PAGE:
What Happens To Stocks When Bonds Go Up? (Trading Strategy Backtest)

Last Updated on May 25, 2022 by Oddmund Groette

Any stock investor or trader should have a basic understanding of the relationship between stocks and interest rates. Why? Because the interest rates influence investors’ risk appetite. When interest rates are high, you need to pay more for a company’s earnings (thus a lower PE ratio).

What happens to stocks when bonds go up? When bonds go up stocks perform well. A higher price for the bond means that the yield and rates go down. When rates go down, it’s more attractive to own risky assets like stocks. We do a simple backtest to illustrate this relationship.

The relationship between bonds and stocks

It all comes down to interest rates. As an investor, all you’re doing is putting up a lump-sump payment for a future cash flow.

First, you need to understand the theoretical relationship between bonds and stocks. They tend to correlate to one another. When bond prices are up, stocks tend to rise. Higher prices in bonds mean that the yield goes down which is positive for stocks. When bond prices go down, the yield increases, which is not good for stocks.

Let us explain:

An issued bond pays the same coupon until maturity (the coupon is the annual payment to the bond owners). For example, if a bond has a coupon of 5% it will pay this coupon until the bond matures (or is called in), let’s say 20 years. A company or sovereign state might issue a one billion bond and pay 5% annually – 50 million in annual interest payments.

However, during such a long period the market’s interest rate expectations are not fixed at the same rate. The rates vary – a lot. If the interest rates go down, the 5% loan gets more attractive and as a result, the price of the bond goes up. But the coupon is still 50 million a year, and this means that the bond trades with a lower effective interest rate, perhaps 4.5%. For a bond with a coupon of 5% to yield 4.5%, its price needs to go up. Bond prices and yields have an inverse relationship.

Bonds are less risky than stocks

Bonds are less risky than stocks. When a company goes bankrupt, bondholders are paid before equity owners (of what is left).

When rates go down (bonds go up) it gets more attractive to own stocks. When rates go up, it’s less attractive to own riskier assets like stocks, gold, and Bitcoin.

The relationship between stocks and bonds is not constant but varies from time to time. We believe it’s safe to anticipate a higher correlation between bonds and stocks when inflation goes up. We have witnessed a 40-year bullish run with falling rates, in many countries even all the way to negative nominal rates, and as of writing, we are seeing inflation rates at 8% in many Western markets.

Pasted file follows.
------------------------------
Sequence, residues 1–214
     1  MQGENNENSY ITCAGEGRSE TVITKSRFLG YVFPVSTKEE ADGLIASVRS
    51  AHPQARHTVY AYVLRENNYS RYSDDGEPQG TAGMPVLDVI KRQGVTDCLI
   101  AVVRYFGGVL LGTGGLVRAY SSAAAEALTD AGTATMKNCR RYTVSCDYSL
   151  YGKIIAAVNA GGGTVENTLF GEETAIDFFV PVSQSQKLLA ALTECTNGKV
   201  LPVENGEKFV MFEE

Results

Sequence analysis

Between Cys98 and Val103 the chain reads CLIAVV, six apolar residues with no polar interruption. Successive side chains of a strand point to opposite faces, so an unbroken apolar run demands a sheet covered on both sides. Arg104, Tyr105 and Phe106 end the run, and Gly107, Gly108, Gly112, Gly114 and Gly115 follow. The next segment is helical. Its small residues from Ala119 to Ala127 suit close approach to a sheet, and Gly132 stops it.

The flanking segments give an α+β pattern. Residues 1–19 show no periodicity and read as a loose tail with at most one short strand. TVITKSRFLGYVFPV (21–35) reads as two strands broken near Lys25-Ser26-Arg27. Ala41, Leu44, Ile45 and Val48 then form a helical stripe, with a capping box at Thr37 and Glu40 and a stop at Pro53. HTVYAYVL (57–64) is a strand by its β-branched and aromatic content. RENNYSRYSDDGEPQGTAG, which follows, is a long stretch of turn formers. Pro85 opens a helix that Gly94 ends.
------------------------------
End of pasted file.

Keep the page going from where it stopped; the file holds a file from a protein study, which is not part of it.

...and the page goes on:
What happens to stocks when bonds go up?

We are not fond of anecdotal evidence so let’s do a backtest.

Our backtest is formed on the hypothesis that rising bond prices are positive for stocks. Let’s do a simple backtest to see if we are right or wrong. We backtest the following hypothesis:

We are long stocks (SPY) when bonds (TLT) are above the N-day moving average, and we sell when it’s below the moving average.

For example, when TLT crosses above its 20-day moving average, we buy SPY at the close. When the close of TLT crosses below its 20-day moving average, we sell SPY at the close and are out of the market until TLT later crosses above its 20-day moving average.

SPY is the ETF of the S&P 500 and TLT is the ETF of the US 20-year Treasury bonds. When TLT goes up in price, the interest rates go down.

We backtest by doing an optimization where we test the N-day moving average from 5 days up to 100 with 5-day intervals (in total 20 backtests). The results look like this:

The first column shows the number of days in the moving average. The first row (5) shows the result of being invested in SPY when TLT is above its 5-day moving average (and being out when TLT is below the 5-day moving average).

If we look at the fourth column we see that the profit factor is pretty high at all moving averages except for the shortest. Let’s look at a random average of like 15 days: When TLT is above its 15-day moving average, we are long SPY.

If we backtest this strategy the equity curve looks like this from 2003:

There are 354 trades, the average gain per trade is 0.47%, CAGR is 8.11%, and max drawdown is 31%.

This is what happens when we flip the strategy:

What happens to stock when bonds go down?

What Happens To Stocks When Bonds Go Up? Conclusions

The financial theory states that there is an inverse relationship between stocks and interest rates. As we have explained in this article, this means that stocks and bonds go up at the same time. When bonds go up, stocks go up.

Our backtest shows what happens to stocks when bonds go up: stocks perform better than any average period when long-term Treasuries go up. This is according to financial theory and proves that it’s best to own risky assets like stocks when bonds go up.

 

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